Mason Higa
Mason Higa

Mason currently is at the Canon Hollywood Professional Technology and Support Center as a Marketing Associate Specialist, providing on-site support management for the Professional Development Seminars and Workshops in California.

How to easily organize digital photos

March 10, 2015

For so many of us, we are addicted to photography. We eat, breathe and sleep photography. But after the shoot is done, what do you do with your files? I’ve been doing a little spring cleaning and realized that for the past two years, I’ve shot 76,191 photos! Some of you may shoot that much in one summer and, for others that are just beginning, you may be just hitting your 10,000th photograph. Regardless of how many photos you’ve taken, how organized are your files?

Fortunately for me, I’ve had a great organization system that keeps my photos, videos and files all in project folder. Whenever I start a new project for a client, spend the day photographing landscapes or a quick photo shoot for a friend, I immediately come home and offload my files. Living on my desktop is a zip folder titled “YYMMDD_NEWPROJECT.zip.” Clicking on the zip folder uncompresses an expandable and workable folder. I select the folder and change the title of the folder to a custom title that reflects the day’s shoot. For example, we were conducting training at our Professional Technology and Support Center in Hollywood for the EOS C300 Hands-On Workshop. The training occurred on December 10th, 2013 and so I changed the project folder from “YYMMDD_NEWPROJECT.zip” to “20131210_C300HandsOn.”

Embedded within the zip folder are multiple folders for specific purposes. At the beginning of each folder is a two-digit number that will keep the folders organized when sorting numerically/alphabetically.

Within the newly created folder are the following folders:

  • 01 RAW PHOTOS (location of photos from the day’s shoot)
  • 02 VIDEOS (location for videos from the day’s shoot)
  • 03 EDITS (location for any edited files i.e. Adobe Photoshop files, etc.)
  • 04 PROJECT FILES (location for any relevant project files, i.e. contracts)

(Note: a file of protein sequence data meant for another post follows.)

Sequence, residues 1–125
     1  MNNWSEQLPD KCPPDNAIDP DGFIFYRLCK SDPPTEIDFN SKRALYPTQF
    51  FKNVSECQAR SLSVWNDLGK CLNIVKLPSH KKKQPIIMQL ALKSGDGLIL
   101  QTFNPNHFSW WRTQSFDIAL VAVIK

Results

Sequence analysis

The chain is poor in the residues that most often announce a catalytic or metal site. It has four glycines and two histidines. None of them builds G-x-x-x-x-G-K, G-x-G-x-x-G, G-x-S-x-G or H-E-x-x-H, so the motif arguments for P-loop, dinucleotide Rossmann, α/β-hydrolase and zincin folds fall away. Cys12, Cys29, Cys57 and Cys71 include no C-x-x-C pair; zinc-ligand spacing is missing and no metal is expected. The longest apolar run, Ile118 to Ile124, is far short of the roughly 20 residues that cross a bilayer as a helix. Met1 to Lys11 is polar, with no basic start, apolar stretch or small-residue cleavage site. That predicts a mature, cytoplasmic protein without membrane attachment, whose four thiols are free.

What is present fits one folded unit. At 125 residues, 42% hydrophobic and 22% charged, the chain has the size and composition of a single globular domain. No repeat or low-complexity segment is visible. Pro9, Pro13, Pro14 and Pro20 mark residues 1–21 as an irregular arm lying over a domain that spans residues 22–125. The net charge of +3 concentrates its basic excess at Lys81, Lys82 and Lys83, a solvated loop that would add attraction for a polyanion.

• 05 PHOTO EXPORTS (location for exports)
    • LARGE JPEGS (location for large JPEG exports)
    • SMALL JPEGS (location for small JPEG exports)
  • 06 VIDEO EXPORTS (location for video exports)
  • 07 PRINTS (location for files to print)
  • 08 CLIENT FINALS (location for final files for clients)

Now that my project folder has been established, I copy over all of my media to the relevant folder. RAW photos are dropped to the “01 RAW PHOTOS” folder and video files and transferred to “02 VIDEOS.” Now that all of my media files are in their appropriate files, I then rename all the files utilizing the custom naming sequence I created for the folder. As in the above example, all of the photos will be renamed to “20131210_C300HandsOn_sequence number. Within Canon’s Digital Photo Professional (DPP) software and other third party software, are the capabilities of renaming batch files. In addition, if you have a Macintosh, the Automator application is fantastic at creating custom automated processes. When renaming the video files, I add a “V” for video after the event title — “20131210_C300HandsOn_V_sequence number.

With all of your files now properly organized and titled, I’m now able to refer and search for any of my files in a coherent manner that is relevant to the day’s event.

Please feel free to download the YYMMDD_NEWPROJECT.zip folder to utilize it for your own work or as a starting point to organize your files.

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